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A soft state is a soft target

A soft state is a soft target

A journalist is shot dead in her car in the early hours of the morning on the empty streets of Delhi. A nun is raped in Orissa by thugs who pretend to speak for a religion. A CEO is beaten to death in Noida by striking workers.

These three well-publicized cases are all part of a disturbing trend of senseless violence against ordinary citizens and of the growing inability of the state to do anything about it.

But what is equally shocking is the insensitive way politicians have responded to these incidents. Delhi chief minister Sheila Dikshit asks why the journalist was adventurous enough to leave her workplace so late in the night. Orissa chief minister Naveen Patnaik has done precious little to crack down on those who have unleashed violence against Christians in his state. And Union labour minister Oscar Fernandes initially said the murder of the CEO was because of the simmering discontent in the working class.

The primary task of any state is to protect its citizens against violence, through the defence of national borders against external attack, and the prevention of aggression against life and property of citizens internally. What the likes of Dikshit, Patnaik and Fernandes are implicitly saying is that we have to take care of ourselves. The government can do little to protect us.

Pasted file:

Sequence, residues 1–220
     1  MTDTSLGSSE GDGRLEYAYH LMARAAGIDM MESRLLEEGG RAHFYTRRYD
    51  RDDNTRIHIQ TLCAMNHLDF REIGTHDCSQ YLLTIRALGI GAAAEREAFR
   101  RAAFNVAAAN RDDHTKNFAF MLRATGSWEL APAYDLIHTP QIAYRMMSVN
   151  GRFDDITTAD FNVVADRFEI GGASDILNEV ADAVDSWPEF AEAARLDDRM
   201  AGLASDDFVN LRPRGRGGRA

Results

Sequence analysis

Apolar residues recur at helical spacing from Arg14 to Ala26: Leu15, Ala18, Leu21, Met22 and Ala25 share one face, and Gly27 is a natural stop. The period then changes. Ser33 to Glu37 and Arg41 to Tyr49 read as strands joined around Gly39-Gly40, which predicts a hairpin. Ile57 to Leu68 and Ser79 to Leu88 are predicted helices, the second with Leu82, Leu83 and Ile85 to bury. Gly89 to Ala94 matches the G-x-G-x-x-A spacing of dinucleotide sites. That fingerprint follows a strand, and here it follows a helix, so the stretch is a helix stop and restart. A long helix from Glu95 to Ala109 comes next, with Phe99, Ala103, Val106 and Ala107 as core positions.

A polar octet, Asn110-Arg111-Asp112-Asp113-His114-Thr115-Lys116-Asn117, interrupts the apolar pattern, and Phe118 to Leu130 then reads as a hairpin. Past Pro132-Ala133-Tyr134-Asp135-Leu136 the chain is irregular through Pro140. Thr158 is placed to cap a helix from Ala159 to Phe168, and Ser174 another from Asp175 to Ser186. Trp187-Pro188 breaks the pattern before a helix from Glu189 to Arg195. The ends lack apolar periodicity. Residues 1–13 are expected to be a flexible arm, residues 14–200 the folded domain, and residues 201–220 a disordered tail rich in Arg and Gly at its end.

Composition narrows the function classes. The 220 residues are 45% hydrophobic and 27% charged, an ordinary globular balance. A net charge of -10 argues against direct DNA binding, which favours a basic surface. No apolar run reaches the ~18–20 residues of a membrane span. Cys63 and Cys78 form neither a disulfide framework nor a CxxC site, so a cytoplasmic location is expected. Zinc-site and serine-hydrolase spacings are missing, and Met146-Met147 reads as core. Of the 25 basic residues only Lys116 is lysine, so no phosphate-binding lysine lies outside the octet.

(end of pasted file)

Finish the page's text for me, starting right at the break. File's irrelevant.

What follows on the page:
This is truly astonishing — and also worrisome. Telling citizens that the state cannot look after them will also send out a signal to terror groups that are waging a low intensity war against India. Letting extremist groups such as the Naxalites or the Bajrang Dal get away with murder is as much a failure as the inability to crack down on Islamic terror groups that have bombed cities across the country.

The Indian state is becoming increasingly soft against external enemies as well as those who challenge the rule of law internally. Physical violence against citizens — in any form — should not be tolerated. Let us not forget: A soft state will also be a soft target for terrorists.

Is the Indian state failing in its primary responsibility? Write to us at views@livemint.com

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